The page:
“How do we get involved in God’s business?” The truth is we are invited to participate in God’s business through baptism.  At every baptism you are reminding people of who they are, “a beloved child of God.” 

You are reminding them of their “call” to ministry. As much as you might want to make baptism a personal and individualistic event, it is more of a claim upon your life and a call to be about God’s business in the community and the world. 

Baptism is an invitation into God’s business and “to remember your baptism” is to be reminded of your invitation.  

Let’s look at Matthew 3:13-17 as one story of being invited into God’s business. 

Read Matthew 3:13-17 

Then Jesus came from Galilee to John at the Jordan, to be baptized by him. John would have prevented him, saying, “I need to be baptized by you, and do you come to me?” But Jesus answered him, “Let it be so now, for it is proper for us in this way to fulfill all righteousness.” Then he consented. And when Jesus had been baptized, just as he came up from the water, suddenly the heavens were opened to him, and he saw God’s Spirit descending like a dove and alighting on him. And a voice from the heavens said, “This is my Son, the Beloved, with whom I am well pleased.”  

Reflect on Matthew 3:13-17

At his baptism, Jesus was claimed by God. The words, “This is my son” come from Psalm 2. The words were spoken on the occasion of the crowning of the king of Israel. Jesus was claimed by God to be king or to have authority. As you know, his kingdom is not a geographic location but, in the hearts, minds, and actions of people. Baptism is the acknowledgment of trust and obedience to the “authority” of Jesus in your life.  

So, at your baptism, you were claimed by God and given authority to be about God’s business. 

Baptism is a Commissioning to Ministry

Then the words, “My Son, the Beloved, with whom I am well pleased,” comes from Isaiah 42. It is part of the description of the suffering servant of God, the one who gives his life. It means giving your life in loving, serving, and caring for people. In other words, here is my son, the servant, the one through whom I love others. Baptism is a commissioning to ministry. It is a commissioning to be about God’s business in the community and the world. 

So, at your baptism, you were commissioned to be about God’s business in the places you live, work, and play. You were commissioned to let God love others through you. 

You are a Beloved Child of God

When Jesus left the Jordan River, he went about God’s business of feeding, healing, caring for, and serving people. In each of the four gospels, there are stories of Jesus being about God’s business. John even tells us that Jesus knelt and washed the feet of his disciples as part of God’s business.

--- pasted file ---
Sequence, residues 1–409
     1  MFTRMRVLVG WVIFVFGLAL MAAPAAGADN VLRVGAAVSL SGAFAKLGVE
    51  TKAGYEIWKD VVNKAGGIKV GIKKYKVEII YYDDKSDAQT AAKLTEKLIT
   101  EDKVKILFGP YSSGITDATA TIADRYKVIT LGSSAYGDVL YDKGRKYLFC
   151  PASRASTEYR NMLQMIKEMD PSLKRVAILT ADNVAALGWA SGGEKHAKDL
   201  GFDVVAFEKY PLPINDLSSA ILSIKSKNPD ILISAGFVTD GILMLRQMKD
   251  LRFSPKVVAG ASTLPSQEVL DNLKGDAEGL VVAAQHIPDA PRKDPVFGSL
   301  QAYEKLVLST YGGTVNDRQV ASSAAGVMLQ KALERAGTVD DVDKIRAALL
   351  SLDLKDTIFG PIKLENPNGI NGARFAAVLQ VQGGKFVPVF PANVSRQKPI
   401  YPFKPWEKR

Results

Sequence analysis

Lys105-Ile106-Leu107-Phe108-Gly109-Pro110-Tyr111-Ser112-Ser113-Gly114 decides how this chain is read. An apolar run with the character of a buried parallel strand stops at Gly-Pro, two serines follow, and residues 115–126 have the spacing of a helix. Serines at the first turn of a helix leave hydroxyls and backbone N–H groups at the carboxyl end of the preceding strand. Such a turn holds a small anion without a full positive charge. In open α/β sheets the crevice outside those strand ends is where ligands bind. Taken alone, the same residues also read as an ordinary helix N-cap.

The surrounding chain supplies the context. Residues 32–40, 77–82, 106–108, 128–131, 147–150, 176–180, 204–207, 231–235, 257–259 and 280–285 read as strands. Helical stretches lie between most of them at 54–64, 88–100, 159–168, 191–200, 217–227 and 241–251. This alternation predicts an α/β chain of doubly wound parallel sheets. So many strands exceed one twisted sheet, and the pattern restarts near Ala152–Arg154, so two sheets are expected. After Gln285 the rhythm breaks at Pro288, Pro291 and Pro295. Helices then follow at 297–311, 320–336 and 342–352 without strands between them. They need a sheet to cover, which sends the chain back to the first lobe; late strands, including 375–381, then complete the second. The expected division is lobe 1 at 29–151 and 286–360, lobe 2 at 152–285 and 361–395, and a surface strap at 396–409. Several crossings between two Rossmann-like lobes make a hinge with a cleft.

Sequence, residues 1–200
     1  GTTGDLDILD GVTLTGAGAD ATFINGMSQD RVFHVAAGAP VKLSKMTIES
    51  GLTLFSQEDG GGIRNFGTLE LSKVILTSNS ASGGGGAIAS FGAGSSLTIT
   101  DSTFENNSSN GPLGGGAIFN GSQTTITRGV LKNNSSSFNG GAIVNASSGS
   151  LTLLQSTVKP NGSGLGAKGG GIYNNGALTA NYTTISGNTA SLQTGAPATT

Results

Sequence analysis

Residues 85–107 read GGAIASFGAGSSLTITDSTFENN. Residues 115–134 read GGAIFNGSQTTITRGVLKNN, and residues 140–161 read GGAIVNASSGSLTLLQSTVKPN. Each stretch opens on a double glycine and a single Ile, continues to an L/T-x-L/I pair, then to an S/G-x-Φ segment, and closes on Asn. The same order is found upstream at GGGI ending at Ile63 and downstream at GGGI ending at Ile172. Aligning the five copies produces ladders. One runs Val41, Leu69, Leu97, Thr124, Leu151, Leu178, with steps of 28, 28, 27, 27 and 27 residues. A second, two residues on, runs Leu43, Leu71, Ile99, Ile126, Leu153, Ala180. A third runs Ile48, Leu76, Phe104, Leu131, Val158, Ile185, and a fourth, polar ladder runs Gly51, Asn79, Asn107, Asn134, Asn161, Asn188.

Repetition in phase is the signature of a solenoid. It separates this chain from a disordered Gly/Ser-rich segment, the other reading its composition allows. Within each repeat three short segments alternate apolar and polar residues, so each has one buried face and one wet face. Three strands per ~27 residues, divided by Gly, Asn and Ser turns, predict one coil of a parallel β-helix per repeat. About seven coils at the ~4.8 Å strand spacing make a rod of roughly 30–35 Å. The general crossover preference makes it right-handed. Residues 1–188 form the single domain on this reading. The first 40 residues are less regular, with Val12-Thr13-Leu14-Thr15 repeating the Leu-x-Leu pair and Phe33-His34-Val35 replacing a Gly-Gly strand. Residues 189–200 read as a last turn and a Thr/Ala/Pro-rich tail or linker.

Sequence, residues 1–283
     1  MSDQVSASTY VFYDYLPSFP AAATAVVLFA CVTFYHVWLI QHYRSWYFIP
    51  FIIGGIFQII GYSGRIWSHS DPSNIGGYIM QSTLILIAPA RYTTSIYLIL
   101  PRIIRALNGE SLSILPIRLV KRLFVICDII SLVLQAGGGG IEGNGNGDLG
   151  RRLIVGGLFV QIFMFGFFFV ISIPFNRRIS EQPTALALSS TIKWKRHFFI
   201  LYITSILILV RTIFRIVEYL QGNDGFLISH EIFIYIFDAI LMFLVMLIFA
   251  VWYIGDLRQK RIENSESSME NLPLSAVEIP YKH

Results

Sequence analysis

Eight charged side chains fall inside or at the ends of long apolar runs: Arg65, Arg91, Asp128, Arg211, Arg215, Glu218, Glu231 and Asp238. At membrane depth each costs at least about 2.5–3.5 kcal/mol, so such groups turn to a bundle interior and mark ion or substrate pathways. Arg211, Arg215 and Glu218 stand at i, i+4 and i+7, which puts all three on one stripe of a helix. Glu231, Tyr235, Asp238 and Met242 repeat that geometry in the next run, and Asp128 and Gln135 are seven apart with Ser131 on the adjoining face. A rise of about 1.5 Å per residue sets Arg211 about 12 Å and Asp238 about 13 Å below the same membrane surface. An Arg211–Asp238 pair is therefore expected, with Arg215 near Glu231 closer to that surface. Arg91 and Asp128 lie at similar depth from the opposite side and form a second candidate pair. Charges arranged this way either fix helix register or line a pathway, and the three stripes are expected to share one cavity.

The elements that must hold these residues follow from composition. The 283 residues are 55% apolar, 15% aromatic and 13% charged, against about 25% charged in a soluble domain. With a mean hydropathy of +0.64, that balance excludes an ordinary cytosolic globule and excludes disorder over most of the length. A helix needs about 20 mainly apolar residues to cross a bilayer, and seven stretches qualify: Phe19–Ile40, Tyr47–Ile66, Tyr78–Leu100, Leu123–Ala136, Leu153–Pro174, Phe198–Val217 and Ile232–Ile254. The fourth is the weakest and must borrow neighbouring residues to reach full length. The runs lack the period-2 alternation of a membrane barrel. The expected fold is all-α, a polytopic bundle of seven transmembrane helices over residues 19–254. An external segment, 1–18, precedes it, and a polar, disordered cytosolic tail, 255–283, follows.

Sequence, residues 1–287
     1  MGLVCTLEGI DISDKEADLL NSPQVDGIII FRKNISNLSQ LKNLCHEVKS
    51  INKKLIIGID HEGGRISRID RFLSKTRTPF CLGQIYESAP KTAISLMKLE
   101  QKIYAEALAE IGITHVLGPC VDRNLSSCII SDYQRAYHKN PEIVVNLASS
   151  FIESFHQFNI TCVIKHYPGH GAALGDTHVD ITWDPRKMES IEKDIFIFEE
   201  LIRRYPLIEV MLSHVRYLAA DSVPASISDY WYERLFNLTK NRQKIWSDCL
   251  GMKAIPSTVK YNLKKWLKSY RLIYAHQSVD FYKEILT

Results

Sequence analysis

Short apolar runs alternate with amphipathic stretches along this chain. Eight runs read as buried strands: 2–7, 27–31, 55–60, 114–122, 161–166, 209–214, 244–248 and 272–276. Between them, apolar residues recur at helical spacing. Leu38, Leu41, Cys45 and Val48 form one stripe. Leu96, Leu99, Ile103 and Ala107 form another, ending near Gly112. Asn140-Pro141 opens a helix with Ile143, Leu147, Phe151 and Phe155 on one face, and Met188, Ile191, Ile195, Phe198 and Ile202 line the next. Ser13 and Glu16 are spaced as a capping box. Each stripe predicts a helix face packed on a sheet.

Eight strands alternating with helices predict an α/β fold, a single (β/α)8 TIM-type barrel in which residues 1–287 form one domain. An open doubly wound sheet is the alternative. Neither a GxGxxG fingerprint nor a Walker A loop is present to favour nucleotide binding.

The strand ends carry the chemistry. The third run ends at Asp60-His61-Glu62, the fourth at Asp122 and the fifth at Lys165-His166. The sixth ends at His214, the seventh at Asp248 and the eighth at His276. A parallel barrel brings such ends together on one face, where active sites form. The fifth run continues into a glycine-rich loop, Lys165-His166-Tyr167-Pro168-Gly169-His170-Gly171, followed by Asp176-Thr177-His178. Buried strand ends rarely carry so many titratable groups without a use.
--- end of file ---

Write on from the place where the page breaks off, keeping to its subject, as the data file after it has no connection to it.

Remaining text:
As a leader, you are reminding people that they are God’s children, and as God’s children, they are about doing God’s business of feeding, healing, caring, serving others in the love in which they are loved. When you say the words, “Remember your baptism,” you are reminding followers of Jesus to remember they are beloved children of God, and they are to be about God’s business of loving and serving other people.  

God’s Call and Commission

In the church, at every baptism, we are challenged to remember that God has claimed us as God’s children and has commissioned us to be about God’s business. As personal as people might want baptism to be, it is a communal event. 

The community of faith takes a vow to help you and all the baptized community to “Do all in your power to increase their faith, confirm their hope, and perfect them in love.”   

Claimed by God 

You have been claimed by God for something bigger than yourself, bigger than a denomination, bigger than your congregation. You are claimed by God to be about God’s business in your family, with the people with whom you work, and with every person you encounter.  

To remember your baptism is to remember to be about God’s business of love, care, and acceptance in response to God’s love and acceptance of you. You are a beloved child of God who has been commissioned to love others as you have been loved. It is a reminder to be about God’s business. 

Being about God’s business is who you are, and who you are is how you lead.  

Respond to God’s Call and Claim on Your Life

Throughout the day, be mindful of how you are living out your baptism. Be aware of how you are a part of God’s business in the lives of the people you encounter today.

Reflect upon this story told by Fred Craddock. He tells of being a pastor of a church in Custer City, Oklahoma.  The population was about 450. There were four churches in town: a Methodist church, a Baptist church, a Nazarene church, and a Christian church. Each church had its share of the population and the attendance rose and fell according to harvest time and the weather.

He said that the most consistent attendance in town was at the little café where all the men gathered while their wives and children attended one of the four churches. The attendance at the churches would fluctuate, but the attendance at the café was consistent. The men were always there discussing the weather, cattle, wheat bugs, and crops. 

The patron saint of the group was a man named Frank. He was a good, strong, rancher, farmer, and cattleman about seventy-seven years old. He was born into poverty but prospered over the years. He had his credentials, and all the men there at the café considered him to be their leader.  They would laugh and say, “Old Frank will never go to church.”  

Craddock said that he first met Frank on the street. After some small talk, Frank spoke up and said, “I work hard, and I take care of my family, and I mind my own business.” He said that as far as he was concerned, everything else is fluff. Craddock said he interpreted the words to mean, “Leave me alone; I’m not a prospect.”